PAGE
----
Announcing New Lessons on Mental Health in the Workplace

I grew up with the 1980s model of keeping work and life separate: you do your work at the office from nine to five, and take care of your personal life before and after. That meant that most days you’d come home exhausted, get a little time to recharge or take care of personal errands, get some sleep, and then do it all again the next day, and the next week, and the week after that and so on. At some point, you might be able to take your two weeks of vacation. Hopefully that model worked for you, because there wasn’t much room or concern for mental health.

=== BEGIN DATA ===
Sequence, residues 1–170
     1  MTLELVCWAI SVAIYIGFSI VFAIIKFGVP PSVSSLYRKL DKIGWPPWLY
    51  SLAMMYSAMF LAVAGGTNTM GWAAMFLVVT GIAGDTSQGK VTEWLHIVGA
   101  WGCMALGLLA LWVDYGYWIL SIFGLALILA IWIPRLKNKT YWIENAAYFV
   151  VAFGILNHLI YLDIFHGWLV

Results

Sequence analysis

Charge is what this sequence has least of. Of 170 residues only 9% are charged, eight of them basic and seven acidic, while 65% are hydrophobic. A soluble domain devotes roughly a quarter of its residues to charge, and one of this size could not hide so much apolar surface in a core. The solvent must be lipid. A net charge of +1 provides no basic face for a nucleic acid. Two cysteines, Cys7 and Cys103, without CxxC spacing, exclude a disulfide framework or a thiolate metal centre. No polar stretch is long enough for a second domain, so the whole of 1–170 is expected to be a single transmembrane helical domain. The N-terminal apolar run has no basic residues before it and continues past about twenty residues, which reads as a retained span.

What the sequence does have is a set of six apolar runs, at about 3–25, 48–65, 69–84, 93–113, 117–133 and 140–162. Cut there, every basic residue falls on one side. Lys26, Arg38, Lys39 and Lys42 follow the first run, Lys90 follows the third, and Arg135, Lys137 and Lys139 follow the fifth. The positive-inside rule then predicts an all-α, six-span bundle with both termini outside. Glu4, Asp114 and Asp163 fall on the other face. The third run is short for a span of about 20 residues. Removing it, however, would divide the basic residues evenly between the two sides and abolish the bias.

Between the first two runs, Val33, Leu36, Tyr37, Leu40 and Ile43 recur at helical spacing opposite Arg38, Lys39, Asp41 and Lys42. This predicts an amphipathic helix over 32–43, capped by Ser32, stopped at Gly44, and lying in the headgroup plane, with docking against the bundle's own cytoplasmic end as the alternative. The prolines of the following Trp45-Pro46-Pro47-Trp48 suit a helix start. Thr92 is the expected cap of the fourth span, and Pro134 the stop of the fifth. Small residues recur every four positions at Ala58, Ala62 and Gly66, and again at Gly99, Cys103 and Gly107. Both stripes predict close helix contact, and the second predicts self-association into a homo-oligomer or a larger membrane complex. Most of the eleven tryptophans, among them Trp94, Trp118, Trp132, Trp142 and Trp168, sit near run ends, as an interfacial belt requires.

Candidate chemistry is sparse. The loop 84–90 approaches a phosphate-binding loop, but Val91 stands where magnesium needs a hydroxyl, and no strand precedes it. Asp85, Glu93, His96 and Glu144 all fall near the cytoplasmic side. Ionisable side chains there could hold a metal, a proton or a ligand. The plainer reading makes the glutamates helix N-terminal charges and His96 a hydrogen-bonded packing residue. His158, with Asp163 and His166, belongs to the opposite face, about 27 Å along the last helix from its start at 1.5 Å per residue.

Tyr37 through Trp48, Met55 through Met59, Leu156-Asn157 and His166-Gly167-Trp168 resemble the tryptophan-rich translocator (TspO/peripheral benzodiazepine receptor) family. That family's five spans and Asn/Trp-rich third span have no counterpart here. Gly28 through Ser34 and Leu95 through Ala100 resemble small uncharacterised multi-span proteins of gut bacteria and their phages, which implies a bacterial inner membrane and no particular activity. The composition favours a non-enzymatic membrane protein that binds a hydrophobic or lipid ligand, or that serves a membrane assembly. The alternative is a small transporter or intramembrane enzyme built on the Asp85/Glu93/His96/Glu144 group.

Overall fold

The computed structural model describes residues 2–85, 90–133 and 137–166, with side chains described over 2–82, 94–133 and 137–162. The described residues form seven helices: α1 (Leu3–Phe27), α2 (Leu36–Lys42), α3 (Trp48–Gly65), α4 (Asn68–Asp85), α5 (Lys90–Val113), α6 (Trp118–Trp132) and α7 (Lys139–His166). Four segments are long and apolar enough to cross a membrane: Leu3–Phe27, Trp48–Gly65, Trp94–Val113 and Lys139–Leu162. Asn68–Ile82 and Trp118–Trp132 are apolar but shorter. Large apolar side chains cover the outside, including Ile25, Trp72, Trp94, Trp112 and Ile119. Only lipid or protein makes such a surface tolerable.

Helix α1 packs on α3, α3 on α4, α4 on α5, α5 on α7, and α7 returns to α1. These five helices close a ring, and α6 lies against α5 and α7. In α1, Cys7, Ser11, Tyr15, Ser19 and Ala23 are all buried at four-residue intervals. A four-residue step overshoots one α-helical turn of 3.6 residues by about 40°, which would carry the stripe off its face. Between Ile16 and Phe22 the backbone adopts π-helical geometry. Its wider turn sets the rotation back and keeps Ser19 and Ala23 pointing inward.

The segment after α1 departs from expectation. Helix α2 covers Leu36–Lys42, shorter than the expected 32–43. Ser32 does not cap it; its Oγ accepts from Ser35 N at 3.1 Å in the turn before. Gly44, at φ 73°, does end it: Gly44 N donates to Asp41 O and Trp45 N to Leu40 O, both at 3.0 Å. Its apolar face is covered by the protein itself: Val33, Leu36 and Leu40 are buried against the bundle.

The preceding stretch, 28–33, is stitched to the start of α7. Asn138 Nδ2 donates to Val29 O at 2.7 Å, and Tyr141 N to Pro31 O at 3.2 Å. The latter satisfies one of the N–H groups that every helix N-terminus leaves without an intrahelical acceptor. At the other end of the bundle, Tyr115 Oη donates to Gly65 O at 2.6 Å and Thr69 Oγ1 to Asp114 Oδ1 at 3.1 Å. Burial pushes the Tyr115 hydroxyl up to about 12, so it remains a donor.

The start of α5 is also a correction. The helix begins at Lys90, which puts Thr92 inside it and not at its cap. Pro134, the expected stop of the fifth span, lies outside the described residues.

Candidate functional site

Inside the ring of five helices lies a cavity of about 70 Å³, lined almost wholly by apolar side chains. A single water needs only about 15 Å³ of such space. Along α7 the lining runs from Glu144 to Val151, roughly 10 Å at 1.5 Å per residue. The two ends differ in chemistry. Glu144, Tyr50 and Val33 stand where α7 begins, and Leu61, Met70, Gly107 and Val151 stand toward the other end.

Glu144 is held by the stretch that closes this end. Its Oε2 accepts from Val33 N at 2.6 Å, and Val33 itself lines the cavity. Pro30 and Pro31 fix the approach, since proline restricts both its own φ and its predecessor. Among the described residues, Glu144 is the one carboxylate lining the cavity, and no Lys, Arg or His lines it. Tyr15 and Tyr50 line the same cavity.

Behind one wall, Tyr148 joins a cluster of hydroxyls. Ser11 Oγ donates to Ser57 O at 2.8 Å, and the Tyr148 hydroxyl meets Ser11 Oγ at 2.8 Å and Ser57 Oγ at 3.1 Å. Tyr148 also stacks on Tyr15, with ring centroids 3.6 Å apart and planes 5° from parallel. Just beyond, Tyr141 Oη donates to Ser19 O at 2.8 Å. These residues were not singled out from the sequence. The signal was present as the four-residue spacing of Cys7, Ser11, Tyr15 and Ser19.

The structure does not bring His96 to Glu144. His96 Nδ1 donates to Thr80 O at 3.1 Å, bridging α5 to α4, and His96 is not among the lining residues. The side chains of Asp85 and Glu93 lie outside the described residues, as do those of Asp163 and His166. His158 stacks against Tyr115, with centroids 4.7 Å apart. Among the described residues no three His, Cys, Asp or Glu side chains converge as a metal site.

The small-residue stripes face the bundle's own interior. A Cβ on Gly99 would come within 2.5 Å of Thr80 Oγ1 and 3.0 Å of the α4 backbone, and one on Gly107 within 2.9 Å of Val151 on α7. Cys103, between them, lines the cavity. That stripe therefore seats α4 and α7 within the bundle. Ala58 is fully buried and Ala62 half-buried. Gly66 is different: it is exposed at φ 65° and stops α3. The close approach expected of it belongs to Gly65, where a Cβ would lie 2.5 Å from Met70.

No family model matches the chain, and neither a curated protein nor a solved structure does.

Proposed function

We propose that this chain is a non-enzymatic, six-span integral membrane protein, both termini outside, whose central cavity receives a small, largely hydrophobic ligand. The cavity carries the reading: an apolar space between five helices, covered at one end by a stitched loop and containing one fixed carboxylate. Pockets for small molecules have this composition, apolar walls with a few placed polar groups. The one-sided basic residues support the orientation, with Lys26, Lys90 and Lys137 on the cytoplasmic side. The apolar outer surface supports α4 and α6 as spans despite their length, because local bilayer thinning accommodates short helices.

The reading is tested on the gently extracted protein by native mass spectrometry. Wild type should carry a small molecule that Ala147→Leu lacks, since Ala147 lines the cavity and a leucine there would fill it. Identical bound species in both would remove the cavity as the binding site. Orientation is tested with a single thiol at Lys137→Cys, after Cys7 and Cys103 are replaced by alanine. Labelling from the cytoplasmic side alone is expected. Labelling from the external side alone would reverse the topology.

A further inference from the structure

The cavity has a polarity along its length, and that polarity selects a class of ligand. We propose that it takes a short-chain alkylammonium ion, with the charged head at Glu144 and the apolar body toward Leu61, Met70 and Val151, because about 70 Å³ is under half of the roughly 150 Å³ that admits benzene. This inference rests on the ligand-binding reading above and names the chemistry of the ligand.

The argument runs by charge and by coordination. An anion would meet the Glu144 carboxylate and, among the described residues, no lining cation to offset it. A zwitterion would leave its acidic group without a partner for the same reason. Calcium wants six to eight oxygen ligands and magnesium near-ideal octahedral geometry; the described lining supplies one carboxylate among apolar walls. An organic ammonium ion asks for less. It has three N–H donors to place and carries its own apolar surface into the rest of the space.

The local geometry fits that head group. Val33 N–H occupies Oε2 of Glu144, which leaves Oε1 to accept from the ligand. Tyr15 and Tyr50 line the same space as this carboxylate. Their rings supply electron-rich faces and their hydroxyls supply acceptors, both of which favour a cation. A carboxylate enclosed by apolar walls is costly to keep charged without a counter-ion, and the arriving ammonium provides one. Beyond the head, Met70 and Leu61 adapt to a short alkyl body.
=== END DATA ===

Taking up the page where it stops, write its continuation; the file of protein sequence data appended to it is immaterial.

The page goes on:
That Model Has Changed

The idea of keeping “work” and “life” separate has needed to change for two reasons:

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